Stephen David Brooks sits behind the yolk of the shrewdly presented Flytrap, a wonderfully weird science fiction-horror hybrid that utilizes a full understanding of craft to effectively defy the high-budget expectations consumers have been conditioned to expect within blockbuster genres.
Brooks' film tells the tale of an English astronomer who finds himself in that always-weird middle ground between hostage-taking and love-making. Veering slightly more towards science fiction than its horror elements would have you believe, Brooks enters that highly competitive and arguably constipated arena and leaves victorious after displaying all the tools inherent in great indie storytelling: He's kept his volume of characters and shooting locations efficiently minimized, and what remains instead are great actor performances within a cohesiveness of set design that together empower his clever story to be told well.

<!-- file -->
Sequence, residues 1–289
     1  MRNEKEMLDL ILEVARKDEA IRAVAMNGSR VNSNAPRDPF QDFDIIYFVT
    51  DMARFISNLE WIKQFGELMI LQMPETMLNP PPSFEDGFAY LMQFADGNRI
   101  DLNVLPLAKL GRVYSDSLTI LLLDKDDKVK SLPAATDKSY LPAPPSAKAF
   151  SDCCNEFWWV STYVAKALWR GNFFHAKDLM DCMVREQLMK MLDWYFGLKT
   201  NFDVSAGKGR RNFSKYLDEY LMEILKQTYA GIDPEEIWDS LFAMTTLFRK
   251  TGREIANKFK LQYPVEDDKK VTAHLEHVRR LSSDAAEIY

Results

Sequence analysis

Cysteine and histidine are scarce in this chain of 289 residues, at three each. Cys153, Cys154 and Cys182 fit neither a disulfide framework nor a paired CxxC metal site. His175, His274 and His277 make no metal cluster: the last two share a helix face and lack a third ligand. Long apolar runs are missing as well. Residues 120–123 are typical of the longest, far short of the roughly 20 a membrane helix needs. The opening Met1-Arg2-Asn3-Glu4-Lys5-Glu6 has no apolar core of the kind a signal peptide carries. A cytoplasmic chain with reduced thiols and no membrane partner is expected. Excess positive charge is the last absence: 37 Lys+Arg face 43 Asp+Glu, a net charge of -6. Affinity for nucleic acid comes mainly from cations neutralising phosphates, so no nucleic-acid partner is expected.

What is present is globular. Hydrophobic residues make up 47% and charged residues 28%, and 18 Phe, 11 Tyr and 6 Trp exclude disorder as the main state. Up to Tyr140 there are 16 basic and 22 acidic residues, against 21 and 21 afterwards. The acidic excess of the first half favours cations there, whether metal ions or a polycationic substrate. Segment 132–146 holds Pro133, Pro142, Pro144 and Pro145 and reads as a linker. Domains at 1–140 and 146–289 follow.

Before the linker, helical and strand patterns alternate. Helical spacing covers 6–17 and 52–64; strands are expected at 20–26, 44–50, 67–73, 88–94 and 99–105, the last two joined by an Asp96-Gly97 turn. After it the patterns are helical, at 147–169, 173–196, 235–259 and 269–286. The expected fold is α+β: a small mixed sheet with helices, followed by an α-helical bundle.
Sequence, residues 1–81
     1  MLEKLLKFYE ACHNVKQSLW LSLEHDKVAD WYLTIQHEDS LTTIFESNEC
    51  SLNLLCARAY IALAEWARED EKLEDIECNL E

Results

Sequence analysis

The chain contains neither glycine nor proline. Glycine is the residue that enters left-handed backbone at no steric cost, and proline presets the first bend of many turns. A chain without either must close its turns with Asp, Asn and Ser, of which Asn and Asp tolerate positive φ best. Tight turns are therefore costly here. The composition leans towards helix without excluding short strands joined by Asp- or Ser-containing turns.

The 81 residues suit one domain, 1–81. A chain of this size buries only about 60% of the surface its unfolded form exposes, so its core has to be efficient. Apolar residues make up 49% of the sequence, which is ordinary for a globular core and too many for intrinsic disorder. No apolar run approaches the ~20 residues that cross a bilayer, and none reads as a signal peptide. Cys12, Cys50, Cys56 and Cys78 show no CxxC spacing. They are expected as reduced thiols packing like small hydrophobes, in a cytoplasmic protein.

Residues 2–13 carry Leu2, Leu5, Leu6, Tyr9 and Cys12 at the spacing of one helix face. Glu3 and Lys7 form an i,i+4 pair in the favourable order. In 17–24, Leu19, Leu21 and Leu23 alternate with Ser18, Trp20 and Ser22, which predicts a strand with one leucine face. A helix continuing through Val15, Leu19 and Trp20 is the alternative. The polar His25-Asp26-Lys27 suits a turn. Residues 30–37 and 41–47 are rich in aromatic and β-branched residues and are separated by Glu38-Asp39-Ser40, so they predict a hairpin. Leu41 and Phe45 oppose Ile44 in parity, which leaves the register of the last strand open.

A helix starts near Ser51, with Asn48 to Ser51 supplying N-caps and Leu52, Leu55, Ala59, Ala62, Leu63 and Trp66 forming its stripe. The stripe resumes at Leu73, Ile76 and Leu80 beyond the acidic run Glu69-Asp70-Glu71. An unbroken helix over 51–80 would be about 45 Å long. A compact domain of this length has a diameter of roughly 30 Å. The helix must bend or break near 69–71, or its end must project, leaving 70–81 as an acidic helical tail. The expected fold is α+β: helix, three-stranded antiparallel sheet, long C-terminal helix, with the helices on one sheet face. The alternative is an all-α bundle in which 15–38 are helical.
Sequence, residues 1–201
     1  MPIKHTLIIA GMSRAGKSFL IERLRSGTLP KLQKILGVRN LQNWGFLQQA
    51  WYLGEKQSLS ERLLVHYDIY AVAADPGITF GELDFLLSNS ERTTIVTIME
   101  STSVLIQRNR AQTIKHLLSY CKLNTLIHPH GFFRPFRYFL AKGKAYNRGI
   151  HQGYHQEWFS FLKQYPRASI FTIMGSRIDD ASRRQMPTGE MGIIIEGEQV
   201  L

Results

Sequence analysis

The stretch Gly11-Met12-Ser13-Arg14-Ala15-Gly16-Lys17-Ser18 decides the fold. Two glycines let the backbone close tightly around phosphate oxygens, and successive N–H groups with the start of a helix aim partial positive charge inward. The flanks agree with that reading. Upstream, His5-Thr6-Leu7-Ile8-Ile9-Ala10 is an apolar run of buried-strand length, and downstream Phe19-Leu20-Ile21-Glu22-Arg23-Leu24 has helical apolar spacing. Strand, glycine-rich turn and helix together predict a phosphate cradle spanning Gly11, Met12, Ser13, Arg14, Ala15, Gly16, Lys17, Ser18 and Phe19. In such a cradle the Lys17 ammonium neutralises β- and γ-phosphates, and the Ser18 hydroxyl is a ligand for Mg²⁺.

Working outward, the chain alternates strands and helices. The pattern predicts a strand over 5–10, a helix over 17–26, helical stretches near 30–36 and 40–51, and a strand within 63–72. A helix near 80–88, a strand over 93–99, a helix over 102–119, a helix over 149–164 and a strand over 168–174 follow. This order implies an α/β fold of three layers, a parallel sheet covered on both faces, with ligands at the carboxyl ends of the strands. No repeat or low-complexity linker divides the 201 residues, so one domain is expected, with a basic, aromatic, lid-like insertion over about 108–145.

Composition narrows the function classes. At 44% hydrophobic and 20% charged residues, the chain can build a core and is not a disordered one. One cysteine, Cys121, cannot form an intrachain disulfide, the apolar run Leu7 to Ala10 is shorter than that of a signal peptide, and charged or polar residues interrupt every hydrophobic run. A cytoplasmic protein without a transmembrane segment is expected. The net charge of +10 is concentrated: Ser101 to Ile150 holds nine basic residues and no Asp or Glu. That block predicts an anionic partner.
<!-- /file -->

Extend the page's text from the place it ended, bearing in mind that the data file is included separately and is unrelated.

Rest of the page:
Flytrap plays on the mind with great effectiveness. It's a mood-shifter film that brings us to a different mental space that the one we first entered with popcorn in hand. Ultimately, it's an engrossing film and no doubt will find serious devotees within its wider audience.
Review by TheAll-SeeingI from the Internet Movie Database.